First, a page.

A one-page business plan is a simple tool to clear your mind. It focuses on three questions: What core problem am I solving? Who are my potential key customers? Where do I find them? It helps define the problem, profile the key customer, and find the key distribution channel.
Why use a one-page business plan?
One of the issues of traditional business planning is about its complexity, which makes it hard to recognize its value. Indeed, a business plan should be a way to allow you to take action.
The main issue with traditional business planning though is that rather than make it easier to take actions, it makes it harder. Indeed, often too much planning can induce the so-called analysis paralysis.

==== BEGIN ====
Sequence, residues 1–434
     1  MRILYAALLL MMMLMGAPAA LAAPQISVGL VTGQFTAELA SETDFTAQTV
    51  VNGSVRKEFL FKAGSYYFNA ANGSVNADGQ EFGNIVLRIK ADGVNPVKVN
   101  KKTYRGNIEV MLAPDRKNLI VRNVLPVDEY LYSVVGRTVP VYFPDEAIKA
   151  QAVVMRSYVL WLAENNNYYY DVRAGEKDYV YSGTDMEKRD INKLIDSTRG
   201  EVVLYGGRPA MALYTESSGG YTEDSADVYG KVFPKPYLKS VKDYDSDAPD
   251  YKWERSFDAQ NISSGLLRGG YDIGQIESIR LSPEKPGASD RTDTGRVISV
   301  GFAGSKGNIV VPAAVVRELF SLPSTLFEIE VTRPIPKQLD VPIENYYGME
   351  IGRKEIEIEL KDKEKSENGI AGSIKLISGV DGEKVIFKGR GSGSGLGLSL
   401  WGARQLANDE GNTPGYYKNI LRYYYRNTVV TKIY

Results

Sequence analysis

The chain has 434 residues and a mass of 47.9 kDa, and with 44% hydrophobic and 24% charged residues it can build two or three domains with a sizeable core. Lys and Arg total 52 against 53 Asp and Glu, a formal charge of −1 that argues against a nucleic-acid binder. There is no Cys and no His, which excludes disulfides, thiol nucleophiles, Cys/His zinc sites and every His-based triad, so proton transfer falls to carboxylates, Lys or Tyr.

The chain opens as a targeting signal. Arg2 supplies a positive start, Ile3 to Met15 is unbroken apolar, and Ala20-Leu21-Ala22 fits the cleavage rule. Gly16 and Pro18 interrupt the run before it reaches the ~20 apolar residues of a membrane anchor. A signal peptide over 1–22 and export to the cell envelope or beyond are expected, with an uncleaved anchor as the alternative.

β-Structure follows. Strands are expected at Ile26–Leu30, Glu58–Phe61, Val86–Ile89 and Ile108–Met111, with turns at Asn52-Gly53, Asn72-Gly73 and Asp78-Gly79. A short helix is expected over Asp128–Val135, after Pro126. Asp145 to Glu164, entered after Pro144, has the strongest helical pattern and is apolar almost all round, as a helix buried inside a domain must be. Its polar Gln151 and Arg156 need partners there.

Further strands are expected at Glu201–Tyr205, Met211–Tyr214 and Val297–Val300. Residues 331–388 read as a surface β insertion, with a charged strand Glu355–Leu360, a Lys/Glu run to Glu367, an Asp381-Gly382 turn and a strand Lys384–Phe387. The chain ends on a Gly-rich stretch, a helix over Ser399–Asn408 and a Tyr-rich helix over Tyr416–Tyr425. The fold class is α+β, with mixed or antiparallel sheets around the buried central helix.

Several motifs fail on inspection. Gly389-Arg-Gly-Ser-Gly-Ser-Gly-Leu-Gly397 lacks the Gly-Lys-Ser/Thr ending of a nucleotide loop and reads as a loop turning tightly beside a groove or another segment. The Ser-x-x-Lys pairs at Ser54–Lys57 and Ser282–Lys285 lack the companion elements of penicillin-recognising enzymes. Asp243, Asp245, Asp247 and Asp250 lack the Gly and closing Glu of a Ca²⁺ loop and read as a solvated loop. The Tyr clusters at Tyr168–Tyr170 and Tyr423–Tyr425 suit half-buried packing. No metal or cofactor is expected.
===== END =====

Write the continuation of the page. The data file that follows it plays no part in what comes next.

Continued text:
A scenario in which draws a massive plan becomes an excuse not to act. Instead, a one-page business plan is just the opposite.
That is an exercise which aim is to draw in a page all the necessary elements your business model needs to get going — nothing more, nothing less.
It is vital to understand when it makes sense to use a traditional business plan instead.
Is the one-page business plan better than a conventional business plan?
It is important to remark that there isn’t the best way to draw a business plan. Between a traditional and one-page business plan, we can’t say that one is better than the other in all the situations.
They have different aims. The traditional business plan is extremely well suited for someone that is starting up a business that needs financing. The one-page business plan instead is tailored for someone that needs the necessary input to get the business started.
Therefore, if you will need other investors to chip into your business, a one-page business plan won’t do. Especially if you go through a more traditional way to get the financing, you will need a structured business plan.